dragon is no idle fancy. Whatever may be his origins… the dragon in legend is a potent creation of men’s imagination, richer in significance than his barrow of gold.”
—J.R.R. Tolkien, “The Monsters and the Critics”
If there is one thing that makes a hero, it is slaying a dragon. One of the greatest dragon-slayers, and one of Tolkien’s greatest influences, was Beowulf, whose story is chronicled in the Old English poem of the same name.
In his life, Beowulf faced three foes. He fought the first and second, the monster Grendel and Grendel’s mother, as a young man in defence the Danes, a group of people who were strangers to him. He defeated both enemies and left the Danes a hero.
His third battle was against the dragon, which he faced as an old man. At this point in his life, Beowulf was king of his own people, the Geats, and the dragon was terrorizing his realm. He followed the dragon to its lair and killed it, but not before becoming mortally wounded. He died and was buried by the sea.
Tolkien said of Beowulf, “Already there it had these two primary features: the dragon, and the slaying of him as the chief deed of the greatest of heroes.”
Tolkien wrote about two dragon-slayers who demonstrated this: Bard the Bowman in The Hobbit, and Farmer Giles in the medieval fable Farmer Giles of Ham. Both men were made king as a reward for their actions.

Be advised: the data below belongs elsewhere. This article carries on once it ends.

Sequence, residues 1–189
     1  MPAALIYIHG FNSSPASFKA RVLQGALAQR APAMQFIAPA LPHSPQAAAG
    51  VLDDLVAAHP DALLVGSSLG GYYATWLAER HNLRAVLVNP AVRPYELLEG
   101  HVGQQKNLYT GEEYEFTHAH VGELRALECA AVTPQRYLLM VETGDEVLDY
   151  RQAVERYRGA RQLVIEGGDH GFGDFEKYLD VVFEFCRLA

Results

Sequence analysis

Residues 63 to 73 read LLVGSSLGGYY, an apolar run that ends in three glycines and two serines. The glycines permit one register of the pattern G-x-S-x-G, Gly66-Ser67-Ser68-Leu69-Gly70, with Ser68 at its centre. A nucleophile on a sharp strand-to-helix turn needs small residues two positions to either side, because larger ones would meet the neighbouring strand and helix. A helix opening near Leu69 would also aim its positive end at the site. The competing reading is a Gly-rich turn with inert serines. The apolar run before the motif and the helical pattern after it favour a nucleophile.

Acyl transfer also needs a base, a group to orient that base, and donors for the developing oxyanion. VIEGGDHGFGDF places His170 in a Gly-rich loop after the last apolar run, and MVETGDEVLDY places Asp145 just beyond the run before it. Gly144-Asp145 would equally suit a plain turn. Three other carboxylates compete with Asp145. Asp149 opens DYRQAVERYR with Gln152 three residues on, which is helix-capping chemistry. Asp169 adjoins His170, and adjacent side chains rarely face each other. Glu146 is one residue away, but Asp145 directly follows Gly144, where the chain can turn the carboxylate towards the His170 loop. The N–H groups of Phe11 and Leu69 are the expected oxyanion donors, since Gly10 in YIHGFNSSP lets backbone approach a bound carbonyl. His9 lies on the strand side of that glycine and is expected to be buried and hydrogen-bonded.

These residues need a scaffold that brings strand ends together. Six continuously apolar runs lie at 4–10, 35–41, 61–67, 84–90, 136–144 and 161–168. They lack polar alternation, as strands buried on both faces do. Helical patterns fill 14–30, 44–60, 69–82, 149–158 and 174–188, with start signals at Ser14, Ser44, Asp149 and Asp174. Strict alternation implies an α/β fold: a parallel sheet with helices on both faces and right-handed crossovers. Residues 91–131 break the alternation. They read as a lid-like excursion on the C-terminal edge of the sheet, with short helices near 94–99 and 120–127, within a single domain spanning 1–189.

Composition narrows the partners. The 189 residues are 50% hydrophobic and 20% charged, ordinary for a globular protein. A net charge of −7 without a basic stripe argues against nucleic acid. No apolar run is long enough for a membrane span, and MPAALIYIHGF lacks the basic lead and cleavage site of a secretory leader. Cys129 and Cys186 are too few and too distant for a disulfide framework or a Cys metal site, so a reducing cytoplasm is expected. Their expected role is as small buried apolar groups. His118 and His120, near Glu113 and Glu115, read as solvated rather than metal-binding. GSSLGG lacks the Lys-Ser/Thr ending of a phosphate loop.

But there was a third dragon-slayer who was not rewarded, whose life and death were nothing short of tragic: Túrin Turambar, whose story can be found in The Silmarillion.
Túrin’s family was cursed by Morgoth. He lived as a wanderer, bringing misery wherever he went in spite of his great might in battle and the vast number of orcs he killed. He accidentally killed his best friend, Beleg Strongbow, and was responsible for the fall of Nargothrond. He also (unknowingly) married his sister, Nienor. After he killed his dragon, he committed suicide.
Tolkien said that a hero’s greatest deed was to kill a dragon. But, if dragon-slaying is the mark of a hero, why didn’t Túrin get the glory? To Tolkien’s statement I would add this: a hero needs to be worthy of the dragon. Both Bard and Giles were humble and self-sacrificing men, and even though Beowulf was killed by his dragon, Tolkien called it a “right end” for him; it was a death fitting of a king. Túrin’s heroic deeds were tempered by his pride and stubbornness.
I think the best example of this is what happened with the underground kingdom of Nargothrond. Túrin convinced the ruler of Nargothrond to build a bridge at the entrance, but when a warning came from Ulmo to tear it down, Túrin refused. Morgoth, who had been looking for Nargothrond, discovered its whereabouts because of the bridge, and sent the dragon, Glaurung, to destroy it. If if weren’t for Túrin’s pride, Nargothrond may have survived longer.
Glaurung was also the implementer of Túrin’s curse and caused many things in his life to go wrong. When Túrin finally killed him, it was out of vengeance.
This is why I don’t think Tolkien gave Túrin a hero’s end: he constantly scorned the people who loved him, and let his own pride harm others.
True heroes are honourable and humble. They don’t slay their dragons for any other reason than to protect their people. That is what makes them worthy of their dragons, and worthy of their reward. ♦